Sweet, sweet vanity

June 7, 2009 at 1:42 pm (Writing Ranting) (, , , )

On Friday I finished my eleventh book. (I’ve thrown five away, and most of the rest are set in the same fantasy world – Rahana.)

This book is different. This book isn’t about love, heroism, or even imagination or wonder. It’s about farts.

It’s short – I didn’t think my mojo was up to much – barely over 10,000 words (which is quite normal for the 8-12 age range). It’s humour – which made me a little nervous (humour is usually hard to write, especially consistently over a whole book/whole readership), but I’ve sold several humour short stories, so it wasn’t too big a leap.

I’ve tested chapter one on two eight-year olds I tutor (one reluctant reader and one dyslexic). They both found it funny, and chose to continue reading my book over reading other books (which have pictures). That bodes VERY well. I left chapters two and three with the first eight-year old, and left chapters 1-3 with an eleven-year old (a perfectly-good reader). I’m curious to see whether they actually read them. If they do, I’ll be seriously. . . surprised.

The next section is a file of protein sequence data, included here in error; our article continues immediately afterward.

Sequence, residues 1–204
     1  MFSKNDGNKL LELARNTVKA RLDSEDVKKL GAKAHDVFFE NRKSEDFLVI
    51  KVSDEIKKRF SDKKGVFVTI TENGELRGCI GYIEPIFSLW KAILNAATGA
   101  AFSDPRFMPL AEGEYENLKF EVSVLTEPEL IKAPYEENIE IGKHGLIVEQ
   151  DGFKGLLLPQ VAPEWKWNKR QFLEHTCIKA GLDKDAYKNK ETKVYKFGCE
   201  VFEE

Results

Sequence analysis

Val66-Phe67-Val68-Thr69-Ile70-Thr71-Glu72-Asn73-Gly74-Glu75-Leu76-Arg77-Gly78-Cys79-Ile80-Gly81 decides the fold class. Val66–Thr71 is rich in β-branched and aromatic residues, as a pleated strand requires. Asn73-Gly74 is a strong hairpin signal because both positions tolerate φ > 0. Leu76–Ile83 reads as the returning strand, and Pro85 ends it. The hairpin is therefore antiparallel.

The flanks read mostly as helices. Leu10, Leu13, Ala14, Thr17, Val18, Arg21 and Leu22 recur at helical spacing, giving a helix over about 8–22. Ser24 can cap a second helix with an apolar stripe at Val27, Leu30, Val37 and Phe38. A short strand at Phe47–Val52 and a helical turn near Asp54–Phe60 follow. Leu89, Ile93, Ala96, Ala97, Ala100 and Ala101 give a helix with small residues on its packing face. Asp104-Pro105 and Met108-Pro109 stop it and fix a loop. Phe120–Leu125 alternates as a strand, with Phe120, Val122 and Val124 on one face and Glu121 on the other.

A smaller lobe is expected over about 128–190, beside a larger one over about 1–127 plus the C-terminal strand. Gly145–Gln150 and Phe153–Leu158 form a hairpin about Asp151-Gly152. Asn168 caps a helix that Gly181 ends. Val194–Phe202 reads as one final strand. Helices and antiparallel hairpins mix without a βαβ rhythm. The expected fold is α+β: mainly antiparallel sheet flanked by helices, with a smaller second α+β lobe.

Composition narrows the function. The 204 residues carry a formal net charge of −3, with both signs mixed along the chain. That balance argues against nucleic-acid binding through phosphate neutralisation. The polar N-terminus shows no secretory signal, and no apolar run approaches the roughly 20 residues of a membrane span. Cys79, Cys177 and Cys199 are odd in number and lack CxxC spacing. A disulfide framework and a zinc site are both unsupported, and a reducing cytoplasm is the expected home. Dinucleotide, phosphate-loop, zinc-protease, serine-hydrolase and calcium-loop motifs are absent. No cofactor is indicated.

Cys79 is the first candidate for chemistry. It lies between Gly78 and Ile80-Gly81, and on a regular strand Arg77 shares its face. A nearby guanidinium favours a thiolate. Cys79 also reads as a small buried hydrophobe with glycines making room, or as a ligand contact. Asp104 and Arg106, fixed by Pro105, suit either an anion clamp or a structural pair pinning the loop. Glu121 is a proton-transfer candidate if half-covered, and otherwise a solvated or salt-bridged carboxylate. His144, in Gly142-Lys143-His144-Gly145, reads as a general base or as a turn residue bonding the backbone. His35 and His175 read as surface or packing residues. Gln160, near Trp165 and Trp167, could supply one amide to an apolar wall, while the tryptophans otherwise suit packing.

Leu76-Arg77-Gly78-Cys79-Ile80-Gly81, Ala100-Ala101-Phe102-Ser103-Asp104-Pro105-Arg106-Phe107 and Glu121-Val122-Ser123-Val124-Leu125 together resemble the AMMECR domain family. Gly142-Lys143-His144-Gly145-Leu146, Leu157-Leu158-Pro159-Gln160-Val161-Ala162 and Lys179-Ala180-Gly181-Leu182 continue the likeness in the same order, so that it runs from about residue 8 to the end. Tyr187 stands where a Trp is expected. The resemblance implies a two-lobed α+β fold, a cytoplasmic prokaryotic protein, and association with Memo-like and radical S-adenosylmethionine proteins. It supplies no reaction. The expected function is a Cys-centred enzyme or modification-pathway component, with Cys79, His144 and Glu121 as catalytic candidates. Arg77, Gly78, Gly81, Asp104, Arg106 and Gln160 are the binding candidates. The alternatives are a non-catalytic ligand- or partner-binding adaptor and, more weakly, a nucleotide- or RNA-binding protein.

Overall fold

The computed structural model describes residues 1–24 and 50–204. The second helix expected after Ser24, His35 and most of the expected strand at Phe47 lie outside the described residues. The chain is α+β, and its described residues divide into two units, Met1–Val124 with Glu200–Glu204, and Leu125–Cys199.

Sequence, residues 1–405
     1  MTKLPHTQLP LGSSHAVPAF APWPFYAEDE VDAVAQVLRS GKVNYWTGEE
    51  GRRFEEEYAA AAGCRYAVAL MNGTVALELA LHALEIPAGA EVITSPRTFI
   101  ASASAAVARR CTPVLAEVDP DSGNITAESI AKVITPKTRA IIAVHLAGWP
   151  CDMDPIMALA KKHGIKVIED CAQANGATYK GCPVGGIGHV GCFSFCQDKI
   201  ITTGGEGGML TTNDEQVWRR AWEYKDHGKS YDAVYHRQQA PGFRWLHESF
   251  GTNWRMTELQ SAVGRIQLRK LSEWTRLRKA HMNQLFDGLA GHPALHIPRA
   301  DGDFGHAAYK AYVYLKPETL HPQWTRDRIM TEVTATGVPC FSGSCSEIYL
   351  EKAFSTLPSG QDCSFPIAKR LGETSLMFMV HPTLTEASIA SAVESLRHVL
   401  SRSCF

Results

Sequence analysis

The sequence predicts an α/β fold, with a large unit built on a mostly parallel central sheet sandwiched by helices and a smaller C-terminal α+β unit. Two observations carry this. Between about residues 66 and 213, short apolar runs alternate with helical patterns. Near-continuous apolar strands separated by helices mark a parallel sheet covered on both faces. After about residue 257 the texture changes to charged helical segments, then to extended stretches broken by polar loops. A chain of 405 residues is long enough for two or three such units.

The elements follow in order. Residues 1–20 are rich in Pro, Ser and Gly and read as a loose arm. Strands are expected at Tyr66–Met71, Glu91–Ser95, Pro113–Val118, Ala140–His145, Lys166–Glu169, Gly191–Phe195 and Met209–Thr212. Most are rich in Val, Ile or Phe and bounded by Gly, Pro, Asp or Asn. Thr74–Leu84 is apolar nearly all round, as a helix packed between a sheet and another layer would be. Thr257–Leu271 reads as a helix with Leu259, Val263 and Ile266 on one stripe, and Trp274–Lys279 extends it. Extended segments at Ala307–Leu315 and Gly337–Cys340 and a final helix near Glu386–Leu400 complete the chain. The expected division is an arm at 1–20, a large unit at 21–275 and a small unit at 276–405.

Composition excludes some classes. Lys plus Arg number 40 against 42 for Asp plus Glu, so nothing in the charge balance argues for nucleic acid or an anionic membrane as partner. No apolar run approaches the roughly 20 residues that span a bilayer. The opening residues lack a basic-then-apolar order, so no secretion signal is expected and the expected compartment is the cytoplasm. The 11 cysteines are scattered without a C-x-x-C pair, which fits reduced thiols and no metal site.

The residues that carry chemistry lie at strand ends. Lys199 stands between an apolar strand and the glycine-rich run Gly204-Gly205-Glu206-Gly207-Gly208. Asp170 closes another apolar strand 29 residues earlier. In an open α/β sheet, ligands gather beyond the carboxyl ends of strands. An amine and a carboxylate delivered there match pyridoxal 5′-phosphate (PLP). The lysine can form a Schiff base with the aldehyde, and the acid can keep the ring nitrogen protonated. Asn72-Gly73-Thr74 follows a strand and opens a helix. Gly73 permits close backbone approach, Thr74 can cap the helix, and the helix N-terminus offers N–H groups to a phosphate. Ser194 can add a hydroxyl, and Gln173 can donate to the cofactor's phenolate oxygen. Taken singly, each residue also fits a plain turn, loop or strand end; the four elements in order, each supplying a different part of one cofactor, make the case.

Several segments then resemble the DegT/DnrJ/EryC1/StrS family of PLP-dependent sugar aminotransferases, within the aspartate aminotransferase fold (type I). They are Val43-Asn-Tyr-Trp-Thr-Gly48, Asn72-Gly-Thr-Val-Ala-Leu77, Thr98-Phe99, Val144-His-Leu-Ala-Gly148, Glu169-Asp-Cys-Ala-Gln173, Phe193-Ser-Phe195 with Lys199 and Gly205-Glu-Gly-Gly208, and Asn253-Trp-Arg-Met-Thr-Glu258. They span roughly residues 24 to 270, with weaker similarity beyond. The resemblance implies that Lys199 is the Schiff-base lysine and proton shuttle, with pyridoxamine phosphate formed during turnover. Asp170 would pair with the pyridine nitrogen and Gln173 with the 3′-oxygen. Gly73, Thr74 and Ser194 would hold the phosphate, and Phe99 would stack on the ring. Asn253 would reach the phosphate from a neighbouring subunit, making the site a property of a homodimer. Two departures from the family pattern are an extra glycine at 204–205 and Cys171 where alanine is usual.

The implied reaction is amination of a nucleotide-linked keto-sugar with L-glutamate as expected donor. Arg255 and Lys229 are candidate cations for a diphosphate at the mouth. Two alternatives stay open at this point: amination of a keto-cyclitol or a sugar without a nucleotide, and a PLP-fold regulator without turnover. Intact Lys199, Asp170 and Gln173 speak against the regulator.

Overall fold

However.

I’ve also sent the first three chapters to an online critique group. The four or five people who commented were overwhelmingly positive. I just posted the rest of it, and a sixth person described the whole thing as “Brilliant, with a few minor grammar issues”. My conclusion is that either it’s a great leap forward in my writing (particularly regarding marketability, which is the main thing), or the critique group is rubbish. I’m fairly sure it’s the latter.

But what if this is it? What if I sell it to a major publisher first go? What if it actually sells well?

I’m so puffed up with the crit group’s flattery that I feel like sending it off quickly. That’s dumb. What I should do is:

1. get comments from the crit group for a week or two

2. make those changes

3. give it a “final” go-through

4. leave it for one or two months

5. edit again

6. get my real-life friends to critique it (one of whom once told me – incredibly apologetically – that a book of mine had no good points whatsoever. It was then nearly published by a really big publisher, who clearly has lower standards).

7. re-edit

8. send it to a pro crit agency

9. edit again, and if I have to make big changes I should leave it for another month or two before another “final” edit

10. THEN send it to a publisher.

But for now, visions of mass publication are dancing in my head.

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1 Comment

  1. Ben (Crispin) said,

    …Shut up…

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